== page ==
The Showcase Magazine - Articles




AMERICA'S ARTISTIC CROWN JEWEL

The Book Musical is Our Gift to World Theatre


By Walker Joyce


Faithful readers will recall that in my last column I was lamenting the current state of Movies, TV and Broadway. I criticized the obscurity and downright weirdness of the Best Picture nominees and how mainstream hits were always excluded from the Oscars, the dismaying trend of recycling television programs, and the runaway ticket costs in New York. With nothing much to celebrate in our Performing Arts, I hoped I might find a silver lining or two before I filed my next essay.

And I have.

I’m writing this in the wake of this year’s Tony Award nominations, and I was heartened by the vitality reflected in the musical categories. The four shows in the “New” slot—Equal to the Best Picture portion of the Academy Awards—were uber-original, if (as is often the case) derived from other mediums: Mean Girls, Frozen and SpongeBob SquarePants adapted two films and a cable TV series respectively, but they stretch the boundaries of the genre.  The fourth nominee, The Band’s Visit, was a traditional, original musical, written exclusively for the Theatre.

It and this season’s revivals are proof-positive that our country’s most enduring contribution to the World Stage, the Book Musical, is alive and well. It really is an American art-form, taking the European model of light opera (or operettas) and weaving a new pastiche of songs, dances and dialogue, all in the service of a unified story with vivid characters. A Book Musical has a playscript attached to a score, as opposed to a Jukebox Musical, which is a compilation of one songwriter’s work, e.g. Smokey Joe’s Café, a collection of Leiber & Stoller tunes.

Recently, there have been hybrids of these two formats, like Jersey Boys, which sprinkled Four Seasons’ hits amid a biographical narrative, and Beautiful, the Carole King story.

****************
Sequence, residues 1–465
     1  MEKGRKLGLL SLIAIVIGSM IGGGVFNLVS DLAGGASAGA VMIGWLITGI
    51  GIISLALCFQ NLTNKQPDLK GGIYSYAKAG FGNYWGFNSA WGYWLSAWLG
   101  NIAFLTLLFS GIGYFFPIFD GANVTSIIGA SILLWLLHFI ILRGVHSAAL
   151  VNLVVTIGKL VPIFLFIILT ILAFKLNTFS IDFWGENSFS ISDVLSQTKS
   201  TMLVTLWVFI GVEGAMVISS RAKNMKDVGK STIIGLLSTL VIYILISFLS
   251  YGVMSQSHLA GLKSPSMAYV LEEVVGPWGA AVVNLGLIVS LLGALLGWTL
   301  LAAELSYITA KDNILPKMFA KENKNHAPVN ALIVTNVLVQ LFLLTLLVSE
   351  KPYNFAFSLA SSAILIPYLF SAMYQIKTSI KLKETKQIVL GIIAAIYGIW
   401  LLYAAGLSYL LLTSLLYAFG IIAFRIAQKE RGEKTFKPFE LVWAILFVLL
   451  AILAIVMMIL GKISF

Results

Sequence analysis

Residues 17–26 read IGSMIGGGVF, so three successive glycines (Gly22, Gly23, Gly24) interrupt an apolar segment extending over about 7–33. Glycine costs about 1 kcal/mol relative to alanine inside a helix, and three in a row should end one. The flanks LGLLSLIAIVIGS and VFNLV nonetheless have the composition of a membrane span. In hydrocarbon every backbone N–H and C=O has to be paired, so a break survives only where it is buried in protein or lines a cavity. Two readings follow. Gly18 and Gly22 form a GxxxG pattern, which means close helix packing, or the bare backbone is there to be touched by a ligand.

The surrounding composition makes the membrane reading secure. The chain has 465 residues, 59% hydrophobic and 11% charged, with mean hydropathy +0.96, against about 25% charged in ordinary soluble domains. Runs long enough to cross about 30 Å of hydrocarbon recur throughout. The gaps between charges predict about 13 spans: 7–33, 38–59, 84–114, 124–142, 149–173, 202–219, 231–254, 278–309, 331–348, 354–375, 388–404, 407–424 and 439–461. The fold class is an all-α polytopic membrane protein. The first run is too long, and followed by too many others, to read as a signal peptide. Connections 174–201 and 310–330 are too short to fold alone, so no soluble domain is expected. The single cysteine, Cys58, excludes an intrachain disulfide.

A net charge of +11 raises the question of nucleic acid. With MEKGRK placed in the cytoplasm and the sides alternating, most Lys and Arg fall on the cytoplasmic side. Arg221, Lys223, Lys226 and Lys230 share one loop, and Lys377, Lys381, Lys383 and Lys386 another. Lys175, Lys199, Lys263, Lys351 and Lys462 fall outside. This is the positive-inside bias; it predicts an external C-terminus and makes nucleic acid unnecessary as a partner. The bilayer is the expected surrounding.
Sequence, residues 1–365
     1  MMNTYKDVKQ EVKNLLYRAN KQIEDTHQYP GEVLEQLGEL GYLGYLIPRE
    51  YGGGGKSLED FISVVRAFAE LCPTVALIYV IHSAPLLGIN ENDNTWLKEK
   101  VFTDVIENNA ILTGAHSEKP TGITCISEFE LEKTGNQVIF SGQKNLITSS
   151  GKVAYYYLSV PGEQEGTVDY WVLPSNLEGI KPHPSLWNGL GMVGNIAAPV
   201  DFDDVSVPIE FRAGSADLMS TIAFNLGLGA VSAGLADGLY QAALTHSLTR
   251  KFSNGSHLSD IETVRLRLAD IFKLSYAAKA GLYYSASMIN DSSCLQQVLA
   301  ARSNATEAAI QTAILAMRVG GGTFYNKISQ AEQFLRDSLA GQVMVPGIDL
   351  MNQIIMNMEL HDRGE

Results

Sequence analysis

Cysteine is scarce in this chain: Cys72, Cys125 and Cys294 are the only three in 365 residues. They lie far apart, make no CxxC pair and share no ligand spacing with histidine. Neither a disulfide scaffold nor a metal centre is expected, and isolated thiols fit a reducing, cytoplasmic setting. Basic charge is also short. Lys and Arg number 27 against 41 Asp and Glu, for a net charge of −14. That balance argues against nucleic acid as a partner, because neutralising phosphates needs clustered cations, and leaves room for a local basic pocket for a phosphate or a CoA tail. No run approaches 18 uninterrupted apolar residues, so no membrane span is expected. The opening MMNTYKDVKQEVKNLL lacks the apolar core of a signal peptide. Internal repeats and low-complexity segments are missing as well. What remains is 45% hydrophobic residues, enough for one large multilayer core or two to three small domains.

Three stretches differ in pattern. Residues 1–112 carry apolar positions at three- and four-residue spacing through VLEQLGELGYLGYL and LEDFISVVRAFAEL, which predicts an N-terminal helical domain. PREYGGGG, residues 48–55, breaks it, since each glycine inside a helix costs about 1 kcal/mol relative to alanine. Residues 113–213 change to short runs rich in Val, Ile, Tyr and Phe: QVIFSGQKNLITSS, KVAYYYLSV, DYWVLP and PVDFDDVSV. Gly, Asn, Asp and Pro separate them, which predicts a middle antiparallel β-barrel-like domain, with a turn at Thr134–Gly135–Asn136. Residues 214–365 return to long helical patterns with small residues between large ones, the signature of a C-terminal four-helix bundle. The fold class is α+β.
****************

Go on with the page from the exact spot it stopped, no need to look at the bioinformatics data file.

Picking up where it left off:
I prefer traditional musicals with librettos. Two of the nominated revivals are all-time greats, My Fair Lady (considered by many the greatest musical ever produced) and Carousel. Both were written by celebrated teams—Lerner & Lowe, Rogers and Hammerstein—both had noble antecedents—Shaw’s Pygmalion and Molnar’s Liliom—and both have been performed for generations.

I have an especially deep attachment to the latter: Carousel was the very first show I ever did, and hence as responsible as anything for my career choice.

I was a sophomore at New Providence High School when it was scheduled as our spring musical. In my era, a big book show was only done every other year (I don’t know why—perhaps budgetary issues), which meant a student only got to do two between being a freshman and a senior. I’d have preferred an annual production, but with just a pair of chances the novelty was enhanced and the experiences were even more cherished.

As one of only a few tenors in the concert choir, I was drafted for the chorus; I didn’t even audition. Little did I know what a touchstone Carousel would become.

It’s not surprising that it struck such a chord in me and my peers. The story was of a tragic love affair, and the child of that union being rejected by her classmates. In other words, red meat for a hormonal teen who wanted to fit in.

And then there was the ravishing score, filled with standards like If I Loved You and You’ll Never Walk Alone. This is the greatest legacy of the Golden Age shows: they filled and defined the Great American Songbook. Prior to the Rock & Roll revolution, Broadway tunes dominated the radio and the Top 40, with original cast albums frequent best-sellers.

It’s wonderful that evergreen musicals are constantly revived, and even with the huge financial risks of mounting new ones, the canon continues to grow and evolve.

That’s probably the best thing I can cite about today’s artistic landscape.